Connection at work is critical, but it can also feel intangible. Organizations have a hard time defining it, measuring it, and creating it—especially in today’s hybrid work world. But employees crave it, and they’re quitting to find it.
The manager and employee relationship is a particularly important source of employee connection, but new Blueboard research shows that most organizations are struggling to help employees connect authentically with their leaders.
Thankfully, where there’s a gap, there’s an opportunity.
We sat down with experts from Culture Amp, Blueboard, and Bravely to discuss the state of manager and employee relationships, as well as best practices and strategies organizations can use to help their People leaders close this connection gap. Our experts included:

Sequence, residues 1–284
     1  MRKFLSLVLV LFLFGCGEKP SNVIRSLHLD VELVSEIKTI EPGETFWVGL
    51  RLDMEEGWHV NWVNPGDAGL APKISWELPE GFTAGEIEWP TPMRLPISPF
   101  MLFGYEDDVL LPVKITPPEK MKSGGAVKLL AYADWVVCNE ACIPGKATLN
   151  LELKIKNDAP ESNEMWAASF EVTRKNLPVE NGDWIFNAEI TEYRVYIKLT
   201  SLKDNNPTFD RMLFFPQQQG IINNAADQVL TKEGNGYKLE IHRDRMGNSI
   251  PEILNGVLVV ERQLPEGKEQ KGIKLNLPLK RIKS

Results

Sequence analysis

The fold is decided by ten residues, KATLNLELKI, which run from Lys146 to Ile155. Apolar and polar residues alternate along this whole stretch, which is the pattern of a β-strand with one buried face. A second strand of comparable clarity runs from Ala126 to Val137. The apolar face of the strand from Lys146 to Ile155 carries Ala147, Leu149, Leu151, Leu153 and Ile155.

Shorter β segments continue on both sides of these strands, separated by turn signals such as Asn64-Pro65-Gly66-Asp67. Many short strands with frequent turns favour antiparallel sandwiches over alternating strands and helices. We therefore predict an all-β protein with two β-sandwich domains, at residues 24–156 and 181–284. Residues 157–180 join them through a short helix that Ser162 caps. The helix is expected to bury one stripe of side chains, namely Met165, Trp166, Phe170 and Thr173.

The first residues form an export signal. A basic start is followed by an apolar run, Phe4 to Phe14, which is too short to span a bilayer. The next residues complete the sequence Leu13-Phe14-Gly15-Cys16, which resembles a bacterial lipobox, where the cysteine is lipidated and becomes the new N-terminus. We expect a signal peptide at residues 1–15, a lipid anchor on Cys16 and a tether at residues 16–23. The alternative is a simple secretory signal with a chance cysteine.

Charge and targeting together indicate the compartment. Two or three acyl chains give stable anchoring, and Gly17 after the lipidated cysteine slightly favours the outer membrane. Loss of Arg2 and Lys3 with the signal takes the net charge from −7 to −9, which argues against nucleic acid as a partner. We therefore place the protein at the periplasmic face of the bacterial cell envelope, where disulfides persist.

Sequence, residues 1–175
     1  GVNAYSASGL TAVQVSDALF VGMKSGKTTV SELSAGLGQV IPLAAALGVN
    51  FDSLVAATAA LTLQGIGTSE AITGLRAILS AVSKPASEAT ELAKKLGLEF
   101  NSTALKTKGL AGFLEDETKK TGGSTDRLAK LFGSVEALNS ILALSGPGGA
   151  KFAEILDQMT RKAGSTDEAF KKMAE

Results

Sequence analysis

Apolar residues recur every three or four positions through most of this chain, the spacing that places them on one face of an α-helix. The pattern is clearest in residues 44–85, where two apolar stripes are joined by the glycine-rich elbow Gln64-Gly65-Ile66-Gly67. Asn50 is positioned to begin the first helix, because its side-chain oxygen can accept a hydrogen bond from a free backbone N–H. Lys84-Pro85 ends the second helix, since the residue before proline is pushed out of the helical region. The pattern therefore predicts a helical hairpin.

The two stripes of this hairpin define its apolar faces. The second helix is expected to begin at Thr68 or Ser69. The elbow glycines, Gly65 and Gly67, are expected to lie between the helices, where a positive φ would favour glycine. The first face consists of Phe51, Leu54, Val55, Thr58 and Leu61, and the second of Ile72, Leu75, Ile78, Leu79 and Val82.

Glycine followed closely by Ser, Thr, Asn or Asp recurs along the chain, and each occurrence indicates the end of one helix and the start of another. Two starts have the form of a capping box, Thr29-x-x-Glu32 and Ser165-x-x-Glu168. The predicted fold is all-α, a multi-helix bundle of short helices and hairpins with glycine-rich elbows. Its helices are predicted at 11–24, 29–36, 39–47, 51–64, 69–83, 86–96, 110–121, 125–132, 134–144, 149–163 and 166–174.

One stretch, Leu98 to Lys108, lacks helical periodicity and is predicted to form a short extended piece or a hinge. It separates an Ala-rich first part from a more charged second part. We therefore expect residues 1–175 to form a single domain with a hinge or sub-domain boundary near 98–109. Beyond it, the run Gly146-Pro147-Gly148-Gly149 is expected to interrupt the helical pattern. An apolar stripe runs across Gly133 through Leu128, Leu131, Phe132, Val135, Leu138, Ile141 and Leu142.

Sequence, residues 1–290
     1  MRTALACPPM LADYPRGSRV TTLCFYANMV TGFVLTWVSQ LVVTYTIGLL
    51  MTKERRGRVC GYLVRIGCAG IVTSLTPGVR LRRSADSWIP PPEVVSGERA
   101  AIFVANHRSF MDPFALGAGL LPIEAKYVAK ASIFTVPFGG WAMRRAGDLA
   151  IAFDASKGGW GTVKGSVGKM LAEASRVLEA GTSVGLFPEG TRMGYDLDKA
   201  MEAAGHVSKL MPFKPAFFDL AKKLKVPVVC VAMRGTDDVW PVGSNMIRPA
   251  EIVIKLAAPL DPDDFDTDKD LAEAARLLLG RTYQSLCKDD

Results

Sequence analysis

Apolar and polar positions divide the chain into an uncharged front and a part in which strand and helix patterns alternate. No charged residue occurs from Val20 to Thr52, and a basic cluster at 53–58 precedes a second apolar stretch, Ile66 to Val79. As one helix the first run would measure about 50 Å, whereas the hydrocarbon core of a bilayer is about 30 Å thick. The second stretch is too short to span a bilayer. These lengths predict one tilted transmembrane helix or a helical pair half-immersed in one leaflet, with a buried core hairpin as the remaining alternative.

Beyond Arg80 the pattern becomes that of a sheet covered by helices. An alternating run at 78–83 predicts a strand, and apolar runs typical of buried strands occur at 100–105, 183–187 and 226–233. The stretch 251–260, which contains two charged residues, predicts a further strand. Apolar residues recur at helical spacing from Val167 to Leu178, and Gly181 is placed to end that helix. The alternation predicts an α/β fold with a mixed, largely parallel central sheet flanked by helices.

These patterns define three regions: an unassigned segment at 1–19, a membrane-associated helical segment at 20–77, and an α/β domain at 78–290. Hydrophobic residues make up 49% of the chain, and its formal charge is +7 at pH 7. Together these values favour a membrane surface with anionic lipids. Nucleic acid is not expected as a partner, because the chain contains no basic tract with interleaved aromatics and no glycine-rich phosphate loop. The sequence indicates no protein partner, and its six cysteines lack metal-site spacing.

- Allyson Tom, VP of People & Culture at Blueboard
- Kenneth Matos, Director of People Science at Culture Amp
- Lynda Tarras, Pro & Leadership Coach at Bravely
- Natasha Wahid, Director of Content at Blueboard (moderator)
Watch the full conversation on manager-employee connection:
First: What do we mean by “employee connection”?
“Employee connection” or “workplace connection” can feel really ambiguous—and your People leaders do not have time to try to solve an unclear problem. So, we began our research and this conversation by creating a holistic definition of connection at work that spans four distinct dimensions.
Employee connection means:
- Employees feel connected to the company's mission, values, and leadership vision
- Employees feel connected to their coworkers and managers through authentic relationships
- Employees feel connected to the work they’re doing and understand its impact on company goals